ALSO LOOK OUT FOR…

BBC Wildlife Magazine - - Wild March -

BOMB SITES

A small species of the Bom­bus genus, early bum­ble­bees have dis­tinc­tive ginger tails and one or two yel­low bands around their shag­gy­haired bod­ies. Those seen in gar­dens this month are queens for­ag­ing or prospect­ing for suit­able nest­sites – com­post heaps and old birds’ nests may be used.

OLD YELLER

The brim­stone is the long­est lived of our na­tive but­ter­flies and can sur­vive for up to 11 months. Adults on the wing in March emerged last Au­gust then hi­ber­nated through the win­ter. Bright, sul­phuryel­low males (fe­males are paler) are of­ten seen flit­ting along road­side verges from now un­til June.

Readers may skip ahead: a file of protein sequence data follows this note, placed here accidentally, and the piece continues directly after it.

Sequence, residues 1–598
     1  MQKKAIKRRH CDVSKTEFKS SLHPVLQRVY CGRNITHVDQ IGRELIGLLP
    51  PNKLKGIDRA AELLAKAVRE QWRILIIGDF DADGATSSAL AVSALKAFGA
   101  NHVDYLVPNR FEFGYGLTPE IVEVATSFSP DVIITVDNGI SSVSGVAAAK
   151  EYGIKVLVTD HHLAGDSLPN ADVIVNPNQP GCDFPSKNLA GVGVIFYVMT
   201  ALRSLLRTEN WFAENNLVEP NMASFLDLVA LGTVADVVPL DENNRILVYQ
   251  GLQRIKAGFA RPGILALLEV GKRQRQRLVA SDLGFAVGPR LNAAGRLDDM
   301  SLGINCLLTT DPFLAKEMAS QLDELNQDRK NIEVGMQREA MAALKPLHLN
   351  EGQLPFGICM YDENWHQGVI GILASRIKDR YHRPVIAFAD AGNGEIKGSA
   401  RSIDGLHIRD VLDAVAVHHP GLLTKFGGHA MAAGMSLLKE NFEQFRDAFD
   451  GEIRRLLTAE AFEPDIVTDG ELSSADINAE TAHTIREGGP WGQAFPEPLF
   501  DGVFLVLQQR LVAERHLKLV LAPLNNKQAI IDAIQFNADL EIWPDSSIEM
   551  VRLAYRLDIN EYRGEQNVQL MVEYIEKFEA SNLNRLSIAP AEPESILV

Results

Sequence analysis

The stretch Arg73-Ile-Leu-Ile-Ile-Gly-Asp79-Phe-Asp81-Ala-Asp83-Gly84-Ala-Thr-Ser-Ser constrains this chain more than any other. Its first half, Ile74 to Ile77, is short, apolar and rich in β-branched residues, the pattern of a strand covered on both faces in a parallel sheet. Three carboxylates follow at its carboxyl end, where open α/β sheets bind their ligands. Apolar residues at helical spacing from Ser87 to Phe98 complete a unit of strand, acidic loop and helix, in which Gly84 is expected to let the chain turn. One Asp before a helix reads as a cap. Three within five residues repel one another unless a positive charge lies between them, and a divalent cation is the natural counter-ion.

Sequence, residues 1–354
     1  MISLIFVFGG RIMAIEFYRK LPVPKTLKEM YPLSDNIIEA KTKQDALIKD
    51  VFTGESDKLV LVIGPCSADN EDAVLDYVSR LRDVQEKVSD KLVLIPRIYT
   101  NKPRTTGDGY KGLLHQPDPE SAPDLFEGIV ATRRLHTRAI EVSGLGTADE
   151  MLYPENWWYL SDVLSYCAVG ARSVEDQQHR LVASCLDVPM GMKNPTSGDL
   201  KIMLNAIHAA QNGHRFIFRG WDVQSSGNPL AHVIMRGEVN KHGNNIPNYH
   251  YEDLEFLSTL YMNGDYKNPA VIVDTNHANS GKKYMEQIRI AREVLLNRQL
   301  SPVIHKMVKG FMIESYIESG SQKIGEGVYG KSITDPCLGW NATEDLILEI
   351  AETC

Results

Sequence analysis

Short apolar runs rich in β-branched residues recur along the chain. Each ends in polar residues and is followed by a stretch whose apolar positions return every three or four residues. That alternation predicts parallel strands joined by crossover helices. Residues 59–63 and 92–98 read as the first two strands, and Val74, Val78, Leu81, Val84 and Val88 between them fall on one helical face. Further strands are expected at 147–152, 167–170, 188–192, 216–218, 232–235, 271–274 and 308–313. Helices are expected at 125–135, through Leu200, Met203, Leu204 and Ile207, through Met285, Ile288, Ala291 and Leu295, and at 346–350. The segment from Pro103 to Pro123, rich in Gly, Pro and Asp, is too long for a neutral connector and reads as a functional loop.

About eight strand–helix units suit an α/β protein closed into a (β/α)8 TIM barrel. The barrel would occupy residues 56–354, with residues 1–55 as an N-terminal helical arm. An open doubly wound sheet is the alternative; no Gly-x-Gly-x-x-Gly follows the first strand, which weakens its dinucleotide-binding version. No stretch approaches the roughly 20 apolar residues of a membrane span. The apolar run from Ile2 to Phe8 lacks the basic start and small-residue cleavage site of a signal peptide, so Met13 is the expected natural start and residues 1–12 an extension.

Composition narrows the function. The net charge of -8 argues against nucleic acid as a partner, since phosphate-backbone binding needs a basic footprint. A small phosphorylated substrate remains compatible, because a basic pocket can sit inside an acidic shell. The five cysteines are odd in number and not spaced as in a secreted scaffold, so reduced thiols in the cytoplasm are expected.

SIG­NA­TURE SONG

They might be beaten back to Bri­tain by sand martins or wheatears, but chif­fchaffs are the first of our spring ar­rivals to sing. Their epony­mous, two-tone chime is the most re­li­able way to dis­tin­guish these olive-green war­blers from su­per­fi­cially sim­i­lar wil­low war­blers.

LIQ­UID GOLD

Wher­ever there is run­ning wa­ter, there’s a good chance of find­ing op­po­site-leaved golden sax­ifrage. Look for the tiny (3–5mm) yel­low-green flow­ers and paired, rounded leaves that form creep­ing mats on damp river­banks and shel­tered stream­sides. This mois­turelov­ing plant is wide­spread in Bri­tain, but most com­mon in the west.

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